The following homily was prepared by Father John Testa for the 25th Sunday in Ordinary Time Year A. Father John Testa is pastor of Corpus Christi Parish, Willingboro.
This homily is third in a series of homilies with Eucharistic themes to be used in churches across the Diocese over the next year. Recently commissioned by Bishop David M. O’Connell, C.M., the series includes the work of 13 priests and features sample homilies – in English and Spanish – along with other notes and information to assist any members of the clergy who opt to use it.
“For where two or three are gathered together in my name, there am I in the midst of them." (Mt. 20). For us, this has become a Mystery of Faith. We are gathered together but Jesus is not physically present. Why do we believe? What is the drawing card? It has to be our faith commitment, our hunger for the Eucharist and what that means for us and for the salvation of our souls.
After the Consecration, when the bread and wine have become the Body and Blood of Christ, the priest immediately invites the congregation to proclaim the Mystery of Faith. There are three memorial acclamations; most commonly used is “We proclaim your Death, O Lord, and profess your Resurrection until you come again.”
The Mystery of Faith expresses our belief that what we have just witnessed, the Eucharist, contains within itself the entirety of the mystery of salvation through Christ’s Passion, Death, Resurrection and Ascension made present in the Eucharist.
The Catechism of the Catholic Church tells us that the Eucharist is “the source and summit of the Christian life.” The other sacraments, and indeed all ecclesiastical ministries and works of the apostolate, are bound up with the Eucharist and are oriented toward it. For in the blessed Eucharist is contained the whole spiritual good of the Church, namely Christ himself, our Pasch” (CCC 1324).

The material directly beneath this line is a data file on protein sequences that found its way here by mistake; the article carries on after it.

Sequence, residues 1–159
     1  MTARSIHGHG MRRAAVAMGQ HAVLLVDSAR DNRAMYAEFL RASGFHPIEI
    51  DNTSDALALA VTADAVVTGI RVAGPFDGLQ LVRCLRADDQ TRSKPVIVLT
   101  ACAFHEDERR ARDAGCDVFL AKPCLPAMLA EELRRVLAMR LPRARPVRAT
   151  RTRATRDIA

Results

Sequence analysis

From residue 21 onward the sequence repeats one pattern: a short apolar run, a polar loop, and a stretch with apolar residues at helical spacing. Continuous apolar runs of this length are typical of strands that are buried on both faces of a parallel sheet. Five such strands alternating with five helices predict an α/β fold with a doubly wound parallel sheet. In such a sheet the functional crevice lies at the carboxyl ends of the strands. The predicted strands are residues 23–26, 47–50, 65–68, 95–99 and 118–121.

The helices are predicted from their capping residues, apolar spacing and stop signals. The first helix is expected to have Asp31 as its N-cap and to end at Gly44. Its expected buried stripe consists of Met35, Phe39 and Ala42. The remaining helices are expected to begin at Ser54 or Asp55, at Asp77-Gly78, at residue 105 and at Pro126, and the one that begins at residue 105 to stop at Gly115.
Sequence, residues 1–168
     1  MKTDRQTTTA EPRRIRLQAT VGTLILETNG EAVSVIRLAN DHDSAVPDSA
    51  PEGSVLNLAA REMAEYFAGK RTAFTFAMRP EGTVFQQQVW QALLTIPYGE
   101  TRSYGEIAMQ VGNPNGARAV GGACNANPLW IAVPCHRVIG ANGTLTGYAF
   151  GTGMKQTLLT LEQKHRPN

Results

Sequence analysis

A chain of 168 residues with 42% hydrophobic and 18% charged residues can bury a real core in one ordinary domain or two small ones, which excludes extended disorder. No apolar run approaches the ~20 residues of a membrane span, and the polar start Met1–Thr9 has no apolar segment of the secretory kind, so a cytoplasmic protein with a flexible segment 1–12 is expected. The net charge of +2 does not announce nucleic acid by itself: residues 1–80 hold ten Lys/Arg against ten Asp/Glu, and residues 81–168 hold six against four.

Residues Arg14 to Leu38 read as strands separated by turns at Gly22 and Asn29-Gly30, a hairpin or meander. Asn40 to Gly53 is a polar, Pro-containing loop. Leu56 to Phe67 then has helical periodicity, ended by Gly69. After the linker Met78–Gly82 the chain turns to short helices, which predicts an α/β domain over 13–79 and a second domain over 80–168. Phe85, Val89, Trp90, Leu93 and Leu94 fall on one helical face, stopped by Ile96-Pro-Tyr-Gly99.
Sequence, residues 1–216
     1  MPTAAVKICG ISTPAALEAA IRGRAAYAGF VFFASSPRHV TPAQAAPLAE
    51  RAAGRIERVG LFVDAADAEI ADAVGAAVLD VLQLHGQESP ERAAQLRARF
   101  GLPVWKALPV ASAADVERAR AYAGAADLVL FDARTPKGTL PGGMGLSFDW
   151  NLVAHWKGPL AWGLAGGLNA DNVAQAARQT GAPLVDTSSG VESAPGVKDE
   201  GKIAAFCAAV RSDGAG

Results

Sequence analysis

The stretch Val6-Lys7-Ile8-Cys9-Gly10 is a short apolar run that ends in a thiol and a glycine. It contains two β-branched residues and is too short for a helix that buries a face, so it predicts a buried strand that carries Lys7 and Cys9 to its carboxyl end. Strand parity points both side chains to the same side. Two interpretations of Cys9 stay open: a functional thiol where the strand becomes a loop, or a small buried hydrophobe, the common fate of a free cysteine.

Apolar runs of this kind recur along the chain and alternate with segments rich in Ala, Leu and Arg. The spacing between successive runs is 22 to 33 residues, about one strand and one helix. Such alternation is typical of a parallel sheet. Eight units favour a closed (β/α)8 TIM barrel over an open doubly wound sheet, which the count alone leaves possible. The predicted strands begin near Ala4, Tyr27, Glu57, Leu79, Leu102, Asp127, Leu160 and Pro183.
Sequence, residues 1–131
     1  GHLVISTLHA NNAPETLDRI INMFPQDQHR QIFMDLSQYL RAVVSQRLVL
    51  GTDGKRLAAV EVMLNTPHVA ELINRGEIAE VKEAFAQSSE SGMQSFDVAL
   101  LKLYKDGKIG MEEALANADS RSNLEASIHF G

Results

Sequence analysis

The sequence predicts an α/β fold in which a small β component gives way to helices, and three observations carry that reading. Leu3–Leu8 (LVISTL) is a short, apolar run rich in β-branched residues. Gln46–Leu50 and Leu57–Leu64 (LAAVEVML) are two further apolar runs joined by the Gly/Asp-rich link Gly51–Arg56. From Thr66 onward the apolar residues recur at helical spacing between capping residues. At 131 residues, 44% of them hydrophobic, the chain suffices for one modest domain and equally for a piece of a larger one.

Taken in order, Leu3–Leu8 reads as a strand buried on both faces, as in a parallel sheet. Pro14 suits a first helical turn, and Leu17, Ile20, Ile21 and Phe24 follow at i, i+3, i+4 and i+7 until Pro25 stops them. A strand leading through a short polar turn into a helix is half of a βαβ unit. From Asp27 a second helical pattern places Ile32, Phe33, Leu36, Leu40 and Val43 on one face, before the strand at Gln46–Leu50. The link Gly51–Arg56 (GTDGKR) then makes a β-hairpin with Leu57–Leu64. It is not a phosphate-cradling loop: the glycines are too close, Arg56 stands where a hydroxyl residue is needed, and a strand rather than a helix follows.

So how are we to approach this great mystery, this great gift given to us? We should approach this mystery with humility and reverence. Pope Paul VI points this out in his encyclical Mysterium Fidei: “And so we must approach this mystery in particular with humility and reverence, not relying on human reasoning, which ought to hold its peace, but rather adhering firmly to divine Revelation” (16).
As we continue in this next phase of the Eucharistic Revival in our Diocese of Trenton, we turn to St. John Chrysostom, who dealt with the Mystery of the Eucharist in such eloquent language and with great insight, and who said: “Let us submit to God in all things and not contradict Him, even if what He says seems to contradict our reason and intellect; let his word prevail over our reason and intellect” (Mysterium Fidei 17).
At the heart of the Christian faith is the Paschal Mystery, God’s promise to save!
There is no reason why we can’t revel in the Mystery of the Eucharist. When we receive Holy Communion, Christ is giving himself to us. He comes to us in all humility, just as we should prepare ourselves to receive him with all humility, so that we can receive him and be one with him. We receive him with our response of “Amen” which is the profession of our faith in the Real Presence of Christ and reflects the intimate personal encounter with him.
Even though some naysayers might say that the meaning of “when two or three are gathered in my name, I am in their midst” is all about discipline, I would counter that when we gather together to receive the Eucharist knowing and believing that it is the sacrament of faith, love and hope on which our whole live evolves, we can solidly proclaim that he truly is with us in our midst.
When we proclaim the Mystery of Faith in the Eucharist, we are proclaiming Christ’s love and communion. Christ gives himself to us so that we may achieve our salvation and share life with him in his heavenly kingdom.
To view all of the Eucharistic Revival homilies, visit HERE.